soil. Mulch also helps control weeds that compete with landscape plants for water. • Avoid purchasing recreational water toys that require a constant stream of water. • Avoid installing ornamental water features (such as fountains) unless they use recirculated water. • Consider rainwater harvesting when practical. • Contact your local water provider for more information and assistance.

See OUTDOOR CONSERVATION, Page 21


Enid News & Eagle

WEATHERING THE STORM 2013

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OUTDOOR CONSERVATION Continued from Page 20

Lawn care

Pool

• Position sprinklers so water lands on the lawn and shrubs, not paved areas. • Repair sprinklers that spray a fine mist. Most misting issues result from a pressure problem. • Check sprinkler systems and timing devices regularly. • Raise the lawn mower blade to at least 3 inches, or to its highest level. A higher cut encourages grass roots to grow deeper, shades the root system and holds soil moisture. • Plant drought-resistant lawn seed. Reduce or eliminate lawn areas that are not frequently used.

• Avoid over-fertilizing. Applying fertilizer increases the need for water. Apply fertilizers with slow-release, water-insoluble forms of nitrogen. • Choose drip irrigation or another water-efficient form of irrigation for trees, shrubs and flowers. • Turn irrigation down in the fall and off in winter. Water manually in winter only if necessary. • Put a layer of mulch around trees and plants to reduce evaporation and keep the soil cool. • Invest in a weather-based irrigation controller — or smart controller.

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WEATHERING THE STORM 2013

A guide to surviving the extremes

During a drought: Indoor water conservation Bathroom • Avoid flushing the toilet unnecessarily. • Avoid taking baths. Instead, take short showers. • Avoid letting the water run while you brush your teeth, wash your face or shave. • Place a bucket in the shower to catch excess water. It can be used for watering plants.

Laundry • Operate washing machines only when they are fully loaded.

Kitchen • Operate dishwashers only when they are fully loaded. • Hand wash dishes by filling two containers, one with soapy water and the other with rinse water containing a small amount of chlorine bleach. • Clean vegetables in a pan filled with water, rather than under the tap. • Store drinking water in the refrigerator. Don’t run the water while waiting for it to cool. • Avoid wasting water while waiting for it to get hot. Use it for other uses, such as plant watering, or heat water on the stove or in a microwave.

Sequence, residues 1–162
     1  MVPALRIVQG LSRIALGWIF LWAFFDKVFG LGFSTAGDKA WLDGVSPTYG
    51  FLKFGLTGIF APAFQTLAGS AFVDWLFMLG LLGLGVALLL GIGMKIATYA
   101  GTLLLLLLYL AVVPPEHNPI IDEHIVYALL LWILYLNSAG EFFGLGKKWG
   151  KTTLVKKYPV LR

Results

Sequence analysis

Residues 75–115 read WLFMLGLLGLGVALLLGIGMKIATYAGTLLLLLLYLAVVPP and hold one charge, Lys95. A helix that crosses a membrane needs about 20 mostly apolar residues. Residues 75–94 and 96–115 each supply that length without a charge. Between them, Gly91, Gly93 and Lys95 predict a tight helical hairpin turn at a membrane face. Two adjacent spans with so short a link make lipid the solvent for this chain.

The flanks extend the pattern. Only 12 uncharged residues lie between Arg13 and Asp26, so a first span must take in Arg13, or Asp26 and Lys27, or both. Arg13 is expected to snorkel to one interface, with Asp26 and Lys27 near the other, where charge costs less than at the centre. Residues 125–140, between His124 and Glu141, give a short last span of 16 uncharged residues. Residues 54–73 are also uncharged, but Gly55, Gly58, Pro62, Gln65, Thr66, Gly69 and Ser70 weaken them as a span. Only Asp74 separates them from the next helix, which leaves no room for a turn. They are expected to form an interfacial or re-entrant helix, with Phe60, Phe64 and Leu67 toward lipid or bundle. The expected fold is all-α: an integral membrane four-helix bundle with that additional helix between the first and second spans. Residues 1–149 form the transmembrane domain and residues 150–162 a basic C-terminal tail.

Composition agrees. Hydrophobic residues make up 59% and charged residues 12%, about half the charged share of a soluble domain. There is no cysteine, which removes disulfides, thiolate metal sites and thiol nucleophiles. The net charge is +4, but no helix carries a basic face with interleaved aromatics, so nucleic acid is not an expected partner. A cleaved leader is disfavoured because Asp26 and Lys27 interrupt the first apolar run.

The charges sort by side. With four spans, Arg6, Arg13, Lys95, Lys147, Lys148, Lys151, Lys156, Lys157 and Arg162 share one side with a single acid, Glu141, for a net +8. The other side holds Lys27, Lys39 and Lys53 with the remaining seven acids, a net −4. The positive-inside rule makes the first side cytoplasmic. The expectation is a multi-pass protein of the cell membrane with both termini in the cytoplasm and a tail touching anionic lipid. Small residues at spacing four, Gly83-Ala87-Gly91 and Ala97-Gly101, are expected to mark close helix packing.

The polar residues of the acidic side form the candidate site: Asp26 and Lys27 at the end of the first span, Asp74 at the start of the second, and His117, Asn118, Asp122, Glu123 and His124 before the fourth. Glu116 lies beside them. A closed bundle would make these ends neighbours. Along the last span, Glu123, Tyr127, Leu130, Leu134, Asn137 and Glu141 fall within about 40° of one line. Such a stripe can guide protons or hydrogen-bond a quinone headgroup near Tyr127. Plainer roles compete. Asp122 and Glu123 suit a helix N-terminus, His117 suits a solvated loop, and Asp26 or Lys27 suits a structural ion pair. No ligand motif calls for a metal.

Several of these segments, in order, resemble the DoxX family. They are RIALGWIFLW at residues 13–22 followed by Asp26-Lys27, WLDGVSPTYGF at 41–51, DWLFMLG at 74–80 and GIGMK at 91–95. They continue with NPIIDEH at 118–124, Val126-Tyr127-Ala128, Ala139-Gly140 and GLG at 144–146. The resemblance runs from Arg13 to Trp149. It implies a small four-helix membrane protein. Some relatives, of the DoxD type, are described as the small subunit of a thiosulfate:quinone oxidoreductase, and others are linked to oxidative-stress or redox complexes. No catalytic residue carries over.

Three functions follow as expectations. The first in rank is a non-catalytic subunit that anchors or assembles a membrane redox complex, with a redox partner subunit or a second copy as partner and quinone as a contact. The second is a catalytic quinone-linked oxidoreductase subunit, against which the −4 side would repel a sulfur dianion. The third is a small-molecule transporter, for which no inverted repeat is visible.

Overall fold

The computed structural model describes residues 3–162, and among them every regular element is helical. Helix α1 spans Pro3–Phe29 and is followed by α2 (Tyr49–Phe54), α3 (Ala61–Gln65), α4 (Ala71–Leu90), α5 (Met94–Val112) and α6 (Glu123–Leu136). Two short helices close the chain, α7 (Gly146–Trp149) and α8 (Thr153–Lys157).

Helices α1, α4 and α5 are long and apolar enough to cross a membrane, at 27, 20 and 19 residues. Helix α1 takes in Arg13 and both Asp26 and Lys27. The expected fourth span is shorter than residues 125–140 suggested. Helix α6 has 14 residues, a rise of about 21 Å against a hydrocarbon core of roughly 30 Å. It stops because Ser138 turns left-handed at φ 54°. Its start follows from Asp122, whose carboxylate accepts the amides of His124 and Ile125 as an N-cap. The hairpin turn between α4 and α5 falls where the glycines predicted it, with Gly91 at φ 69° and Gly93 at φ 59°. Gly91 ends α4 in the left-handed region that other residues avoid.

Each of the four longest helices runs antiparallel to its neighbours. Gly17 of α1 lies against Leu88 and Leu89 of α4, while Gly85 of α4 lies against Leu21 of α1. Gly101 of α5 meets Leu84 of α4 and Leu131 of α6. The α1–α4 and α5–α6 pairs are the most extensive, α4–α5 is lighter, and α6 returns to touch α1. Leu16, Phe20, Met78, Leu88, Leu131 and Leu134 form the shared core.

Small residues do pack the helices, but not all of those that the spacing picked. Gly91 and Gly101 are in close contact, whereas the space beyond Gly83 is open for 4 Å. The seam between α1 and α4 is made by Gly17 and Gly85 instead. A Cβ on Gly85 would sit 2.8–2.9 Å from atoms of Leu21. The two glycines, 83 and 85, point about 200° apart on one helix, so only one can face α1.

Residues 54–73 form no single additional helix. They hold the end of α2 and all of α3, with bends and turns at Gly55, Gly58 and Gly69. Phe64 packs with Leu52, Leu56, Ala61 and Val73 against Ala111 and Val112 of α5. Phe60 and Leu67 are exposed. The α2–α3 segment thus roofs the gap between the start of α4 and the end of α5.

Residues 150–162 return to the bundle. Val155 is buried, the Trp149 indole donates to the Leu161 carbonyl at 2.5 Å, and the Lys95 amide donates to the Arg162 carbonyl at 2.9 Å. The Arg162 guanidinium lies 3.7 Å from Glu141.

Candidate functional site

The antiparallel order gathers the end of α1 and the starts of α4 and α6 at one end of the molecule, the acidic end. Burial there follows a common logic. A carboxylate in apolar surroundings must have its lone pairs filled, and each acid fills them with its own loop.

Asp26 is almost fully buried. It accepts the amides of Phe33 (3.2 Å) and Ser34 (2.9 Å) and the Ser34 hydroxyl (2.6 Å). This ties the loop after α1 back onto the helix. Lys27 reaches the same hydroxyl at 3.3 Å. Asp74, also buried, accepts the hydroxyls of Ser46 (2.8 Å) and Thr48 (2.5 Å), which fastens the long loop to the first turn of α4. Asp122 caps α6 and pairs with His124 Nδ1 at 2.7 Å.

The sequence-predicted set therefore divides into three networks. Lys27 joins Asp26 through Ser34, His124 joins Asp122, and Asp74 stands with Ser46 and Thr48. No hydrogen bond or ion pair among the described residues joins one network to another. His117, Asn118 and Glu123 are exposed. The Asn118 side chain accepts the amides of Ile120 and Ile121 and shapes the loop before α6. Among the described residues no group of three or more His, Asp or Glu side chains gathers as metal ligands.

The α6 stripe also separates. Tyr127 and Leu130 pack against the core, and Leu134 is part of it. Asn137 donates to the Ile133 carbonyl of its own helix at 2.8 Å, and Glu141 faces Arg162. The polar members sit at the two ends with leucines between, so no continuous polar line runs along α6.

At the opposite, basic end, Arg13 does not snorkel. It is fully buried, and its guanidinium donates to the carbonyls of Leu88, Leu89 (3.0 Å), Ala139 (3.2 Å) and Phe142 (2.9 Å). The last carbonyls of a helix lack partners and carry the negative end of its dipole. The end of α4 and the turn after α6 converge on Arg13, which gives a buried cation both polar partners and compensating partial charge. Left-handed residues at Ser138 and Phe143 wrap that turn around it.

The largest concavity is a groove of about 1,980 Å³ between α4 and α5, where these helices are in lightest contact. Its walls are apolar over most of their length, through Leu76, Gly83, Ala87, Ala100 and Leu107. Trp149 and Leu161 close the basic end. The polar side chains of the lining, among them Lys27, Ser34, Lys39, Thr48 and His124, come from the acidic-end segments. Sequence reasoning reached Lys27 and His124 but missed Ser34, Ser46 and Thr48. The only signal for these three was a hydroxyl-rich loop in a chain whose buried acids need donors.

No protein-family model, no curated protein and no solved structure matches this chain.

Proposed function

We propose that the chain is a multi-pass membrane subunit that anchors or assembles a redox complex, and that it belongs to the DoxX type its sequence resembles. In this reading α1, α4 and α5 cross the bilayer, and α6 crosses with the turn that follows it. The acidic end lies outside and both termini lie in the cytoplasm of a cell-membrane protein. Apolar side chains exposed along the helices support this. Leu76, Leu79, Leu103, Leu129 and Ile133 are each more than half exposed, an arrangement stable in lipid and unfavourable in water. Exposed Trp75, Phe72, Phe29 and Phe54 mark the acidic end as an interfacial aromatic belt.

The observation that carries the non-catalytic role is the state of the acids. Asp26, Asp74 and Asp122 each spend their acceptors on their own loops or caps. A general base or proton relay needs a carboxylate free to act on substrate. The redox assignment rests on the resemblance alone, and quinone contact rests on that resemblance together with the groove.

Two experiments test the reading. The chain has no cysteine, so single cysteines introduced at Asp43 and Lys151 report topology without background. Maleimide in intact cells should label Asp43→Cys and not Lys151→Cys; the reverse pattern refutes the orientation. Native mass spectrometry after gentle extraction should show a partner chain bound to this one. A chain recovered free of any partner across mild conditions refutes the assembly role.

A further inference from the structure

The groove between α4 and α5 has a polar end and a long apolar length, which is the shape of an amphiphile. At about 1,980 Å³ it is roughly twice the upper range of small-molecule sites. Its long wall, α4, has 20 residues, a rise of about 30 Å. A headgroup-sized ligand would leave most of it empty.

• Avoid rinsing dishes before putting them in the dishwasher. Just remove large particles of food beforehand. (Dishwashers can clean soiled dishes well, so dishes usually don’t need to be rinsed beforehand.) • Avoid running water to thaw meat or other frozen foods. Defrost food overnight in the refrigerator, or use the defrost setting on your microwave oven.

Information from ready.gov/drought

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Enid News & Eagle

WEATHERING THE STORM 2013

During a drought: How to conserve outdoor water Lawn care • Avoid over-watering your lawn. Water only when needed. • A heavy rain eliminates the need to water for up to two weeks. • Check soil moisture levels with a soil probe, spade or large screwdriver. You don’t need to water if the soil still is moist. If the grass springs back when you step on it, it doesn’t need water. • If you need to water, do so in the morning or the evening, when the weather is cooler. • Frequently check your sprinkler system and make sure to adjust them so your lawn is

being watered — not the sidewalks or street. • Water in several short sessions, rather than one long one. The lawn will better be able to absorb water, and runoff will be avoided. • Use a broom or blower instead of a hose to clean up leaves or debris on the driveway or sidewalk. • Avoid leaving sprinklers or hoses unattended. A garden hose can pour out 600 gallons or more in only a few hours. • In extreme drought, allow lawns to die and instead preserve trees and large shrubs.

Car washing • Use a commercial car wash use a shut-off nozzle that that recycles water. can be adjusted down to a • If washing your own car, fine spray on your hose.